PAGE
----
By the end in 2019, he was a man who just desperately wanted to keep what little he’d managed to salvage after an universal war.

In 2008, our newswire sent reporters and photographers to cover the Afghanistan war. Iron Man‘s opening scene is an attack on a U.S. patrol over there. As I ate popcorn and watched the backdrop and dangers seemed familiar.

While covering the upcoming Indiana Jones and the Kingdom of the Crystal Skulls for our newswire, Iron Man infiltrated my interviews. Talking to the head of the University of Chicago’s Asian Institute about Jones, we ended up talking about the then-upcoming Iron Man movie. He complemented me on seeing my hero come to life. I laughed.

Reflections of him kept popping up in my life. Who hasn’t worked with someone like Stark in their office? Handsome, self-absorbed, arrogant… I can say from personal experience that it’s exciting to be around someone like that but he’s extremely high maintenance. After the first decade or so, he’s irritating rather than attractive.

In Avengers: Infinity War, Stark goes to fight the evil Thanos on Titan… and fails. His protege, Peter Parker/Spider-Man is turned to dust as are 50% of life forms in the universe when Thanos snaps his gloved hand. Stark is devastated. He failed to protect anyone, and is stranded on an alien planet.

After being returned to Earth by Captain Marvel in Avengers: Endgame, he retires, hiding until the remaining Avengers ask for his help. Despite turning them down initially, he ends up finding the solution and joins in the quest for the Infinity Stones that will reverse the snap.

The Stark of the first movie would have done it for the ultimate challenge, or because he wanted to prove that he was the most powerful of the Avengers. 22 movies later, the practical engineer has nothing to prove to anyone. All he wants to do is try to keep his family alive… and save the universe.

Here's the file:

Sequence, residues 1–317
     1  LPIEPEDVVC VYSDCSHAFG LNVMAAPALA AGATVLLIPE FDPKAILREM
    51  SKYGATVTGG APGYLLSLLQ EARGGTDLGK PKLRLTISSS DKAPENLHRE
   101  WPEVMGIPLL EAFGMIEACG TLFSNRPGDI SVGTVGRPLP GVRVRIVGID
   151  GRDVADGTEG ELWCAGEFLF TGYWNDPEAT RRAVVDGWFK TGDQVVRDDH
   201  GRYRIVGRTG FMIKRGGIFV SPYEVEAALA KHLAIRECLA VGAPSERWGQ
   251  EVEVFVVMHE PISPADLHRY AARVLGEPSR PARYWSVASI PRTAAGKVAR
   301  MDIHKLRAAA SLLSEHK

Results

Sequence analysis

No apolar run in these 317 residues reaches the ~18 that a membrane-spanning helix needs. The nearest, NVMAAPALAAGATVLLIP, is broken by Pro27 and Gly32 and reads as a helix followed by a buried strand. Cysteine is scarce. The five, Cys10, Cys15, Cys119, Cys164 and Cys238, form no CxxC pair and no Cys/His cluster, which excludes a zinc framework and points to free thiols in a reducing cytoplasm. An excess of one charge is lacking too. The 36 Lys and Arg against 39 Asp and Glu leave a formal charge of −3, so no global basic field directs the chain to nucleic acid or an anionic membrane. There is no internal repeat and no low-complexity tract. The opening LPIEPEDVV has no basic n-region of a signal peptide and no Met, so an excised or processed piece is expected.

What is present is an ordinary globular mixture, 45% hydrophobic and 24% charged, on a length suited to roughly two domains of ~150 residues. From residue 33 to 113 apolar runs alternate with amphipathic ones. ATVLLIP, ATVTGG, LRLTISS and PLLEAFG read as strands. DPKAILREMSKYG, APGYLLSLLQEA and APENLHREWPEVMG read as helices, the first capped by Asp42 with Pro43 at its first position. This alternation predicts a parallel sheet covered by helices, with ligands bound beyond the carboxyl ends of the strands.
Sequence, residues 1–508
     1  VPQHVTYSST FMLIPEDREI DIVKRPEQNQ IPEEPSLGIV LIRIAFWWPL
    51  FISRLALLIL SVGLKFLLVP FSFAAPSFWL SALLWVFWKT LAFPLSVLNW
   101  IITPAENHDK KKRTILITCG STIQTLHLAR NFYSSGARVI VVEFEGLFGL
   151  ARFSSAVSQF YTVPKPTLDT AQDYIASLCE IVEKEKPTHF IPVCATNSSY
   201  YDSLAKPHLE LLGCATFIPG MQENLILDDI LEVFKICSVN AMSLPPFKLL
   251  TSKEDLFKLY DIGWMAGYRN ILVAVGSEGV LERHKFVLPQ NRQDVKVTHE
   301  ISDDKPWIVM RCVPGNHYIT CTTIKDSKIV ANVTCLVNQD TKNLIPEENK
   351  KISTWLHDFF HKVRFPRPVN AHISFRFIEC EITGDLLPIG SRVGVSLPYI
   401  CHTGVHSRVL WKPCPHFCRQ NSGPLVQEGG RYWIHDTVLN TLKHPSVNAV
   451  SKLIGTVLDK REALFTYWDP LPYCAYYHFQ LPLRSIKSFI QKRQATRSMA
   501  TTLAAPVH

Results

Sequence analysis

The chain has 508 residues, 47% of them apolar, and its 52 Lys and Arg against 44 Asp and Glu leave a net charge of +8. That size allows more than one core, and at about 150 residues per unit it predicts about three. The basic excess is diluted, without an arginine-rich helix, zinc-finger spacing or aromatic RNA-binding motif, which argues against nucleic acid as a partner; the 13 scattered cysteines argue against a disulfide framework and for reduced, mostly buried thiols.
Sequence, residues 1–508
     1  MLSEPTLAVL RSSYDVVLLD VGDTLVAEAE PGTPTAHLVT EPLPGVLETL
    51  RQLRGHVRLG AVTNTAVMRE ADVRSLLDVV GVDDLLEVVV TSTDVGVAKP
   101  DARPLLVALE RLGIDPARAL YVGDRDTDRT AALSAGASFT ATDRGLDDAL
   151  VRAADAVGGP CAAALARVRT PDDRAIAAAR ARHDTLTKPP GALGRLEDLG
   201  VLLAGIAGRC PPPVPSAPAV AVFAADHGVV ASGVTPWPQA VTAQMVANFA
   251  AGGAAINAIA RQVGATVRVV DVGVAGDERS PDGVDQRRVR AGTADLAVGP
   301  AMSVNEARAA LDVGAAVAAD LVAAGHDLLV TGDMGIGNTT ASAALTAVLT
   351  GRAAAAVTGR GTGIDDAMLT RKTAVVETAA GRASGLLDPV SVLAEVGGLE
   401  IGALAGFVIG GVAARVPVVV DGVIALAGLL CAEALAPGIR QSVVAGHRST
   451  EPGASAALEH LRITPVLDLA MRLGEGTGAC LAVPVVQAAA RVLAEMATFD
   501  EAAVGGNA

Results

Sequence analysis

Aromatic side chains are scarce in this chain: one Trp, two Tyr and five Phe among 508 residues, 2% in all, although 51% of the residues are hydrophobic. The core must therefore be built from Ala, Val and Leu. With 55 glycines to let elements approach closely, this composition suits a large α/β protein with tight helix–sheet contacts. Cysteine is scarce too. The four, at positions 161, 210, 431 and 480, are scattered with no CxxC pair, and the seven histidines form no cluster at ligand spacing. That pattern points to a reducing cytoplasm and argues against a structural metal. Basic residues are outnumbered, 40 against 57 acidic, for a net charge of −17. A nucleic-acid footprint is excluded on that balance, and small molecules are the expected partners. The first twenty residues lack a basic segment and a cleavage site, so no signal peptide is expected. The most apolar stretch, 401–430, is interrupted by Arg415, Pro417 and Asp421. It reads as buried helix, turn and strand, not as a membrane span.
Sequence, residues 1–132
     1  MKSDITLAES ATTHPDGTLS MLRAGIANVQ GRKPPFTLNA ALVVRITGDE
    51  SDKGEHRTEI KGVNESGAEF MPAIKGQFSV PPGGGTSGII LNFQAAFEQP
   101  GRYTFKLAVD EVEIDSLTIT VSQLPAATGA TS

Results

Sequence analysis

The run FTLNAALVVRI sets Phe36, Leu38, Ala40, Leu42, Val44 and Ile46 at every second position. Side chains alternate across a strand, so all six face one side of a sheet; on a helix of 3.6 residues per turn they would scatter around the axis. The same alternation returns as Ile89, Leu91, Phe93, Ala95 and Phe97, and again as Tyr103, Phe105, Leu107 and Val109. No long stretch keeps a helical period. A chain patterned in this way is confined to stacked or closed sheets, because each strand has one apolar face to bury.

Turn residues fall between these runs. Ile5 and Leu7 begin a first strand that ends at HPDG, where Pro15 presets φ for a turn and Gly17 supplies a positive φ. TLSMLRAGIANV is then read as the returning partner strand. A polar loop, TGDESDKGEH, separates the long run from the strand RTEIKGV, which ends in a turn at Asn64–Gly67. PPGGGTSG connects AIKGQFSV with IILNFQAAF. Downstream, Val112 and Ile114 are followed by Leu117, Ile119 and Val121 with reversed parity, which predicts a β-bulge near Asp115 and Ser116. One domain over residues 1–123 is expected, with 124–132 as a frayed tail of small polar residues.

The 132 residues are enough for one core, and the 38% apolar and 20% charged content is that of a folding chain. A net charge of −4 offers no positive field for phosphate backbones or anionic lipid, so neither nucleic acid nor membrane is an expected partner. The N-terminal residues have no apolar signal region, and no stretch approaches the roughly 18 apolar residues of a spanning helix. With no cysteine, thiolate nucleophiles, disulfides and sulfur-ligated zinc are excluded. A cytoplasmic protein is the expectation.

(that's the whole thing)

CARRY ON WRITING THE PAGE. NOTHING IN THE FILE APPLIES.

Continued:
That’s what he does with a snap of his fingers encased in a gauntlet embedded with the Infinity Stones. Stark saves them all. The dead of the first snap return, Thanos and his minions are turned to dust. A happy ending.

But, as the incredible power of the Stones chars his body, Tony Stark dies.

That teenager reader of The Invincible Iron Man in me was confused – he lost again? The woman I am now saw it as a bittersweet, but appropriate end for a flawed hero.

Stark’s memorial brings together all the people and heroes he touched. His original mechanical heart is set adrift on a funeral wreath on the lake outside his retreat. Avengers: Endgame winds up the stories of the original Avengers and show the way for the younger ones. (Hello, Spider-Man: Far From Home.

The survivors mourn their dead and move on with life.

Stark’s death nagged at me though. Even an adult, I was confused at my lingering sadness. It was just a comic book character from long ago who I’d enjoyed reading along with X-Men and Spider-Man. Why should it matter?

It mattered because the MCU and Downey brought to life a far more complicated character than the inked drawings on now-brittle yellow paper. The films concentrated on the human elements that I looked for all those decades ago. It was right to mourn someone that had I’d spent a long time with even if he was only a piece of fiction that ensnared a teenager’s imagination, and later brought to life by a talented actor on the movie screen.

So, I toast you with a non-alcoholic glass of Seltzer water and strawberry shrub.

“Goodbye, Tony. Rest in peace. It’s been a good run for us both.”

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Memories of Easter include chainmail & lilies

Lilies at the National Gallery of Art

Easter Lilies at the National Gallery of Art

Easter is what you make of it.

Over a lifetime you collect memories of Easter, many of them with friends and family. They may or may not included costumes, swords, pirates and/or stringing cables for masquerades.

As a child abroad, there were special moments such as the giant, to a seven-year-old, solid chocolate rabbit that my mother got from a White Russian woman who sold them in Hong Kong. Another year I discovered the truth about the Easter Bunny when its helpers overslept, and the basket was empty.

I remember hunting colored eggs with my friends. One of them later was murdered during hitchhiking in the 1970s. I still have a picture of her at the hunt though, so she lives forever.

As a teenager, my high school friends started the science fiction group, and were also theater people. Instead of going to church, we went to the local SF convention, Balticon, which coincided with Easter.

Listening to Celtic music at Balticon in the 1970s